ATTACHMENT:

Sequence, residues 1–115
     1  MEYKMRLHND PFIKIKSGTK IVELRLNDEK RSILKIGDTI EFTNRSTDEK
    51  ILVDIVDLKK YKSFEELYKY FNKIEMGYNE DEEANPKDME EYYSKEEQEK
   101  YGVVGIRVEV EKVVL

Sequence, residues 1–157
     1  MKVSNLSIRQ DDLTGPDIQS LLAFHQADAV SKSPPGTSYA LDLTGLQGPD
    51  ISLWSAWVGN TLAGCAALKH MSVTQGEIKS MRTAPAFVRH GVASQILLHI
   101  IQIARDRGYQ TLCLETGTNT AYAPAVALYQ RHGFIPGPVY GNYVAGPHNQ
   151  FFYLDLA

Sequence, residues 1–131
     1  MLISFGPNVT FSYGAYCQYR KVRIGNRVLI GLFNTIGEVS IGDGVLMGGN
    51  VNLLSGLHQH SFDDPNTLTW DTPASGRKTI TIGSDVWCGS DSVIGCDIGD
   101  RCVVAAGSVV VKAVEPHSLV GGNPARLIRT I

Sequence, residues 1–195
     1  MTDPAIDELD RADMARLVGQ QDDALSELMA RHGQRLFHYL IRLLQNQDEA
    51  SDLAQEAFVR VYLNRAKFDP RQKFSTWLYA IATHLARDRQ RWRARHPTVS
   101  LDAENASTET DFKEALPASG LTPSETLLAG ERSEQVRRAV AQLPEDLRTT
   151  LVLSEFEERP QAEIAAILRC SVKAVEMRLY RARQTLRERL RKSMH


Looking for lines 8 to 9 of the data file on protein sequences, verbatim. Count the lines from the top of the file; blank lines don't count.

   101  IQIARDRGYQ TLCLETGTNT AYAPAVALYQ RHGFIPGPVY GNYVAGPHNQ
   151  FFYLDLA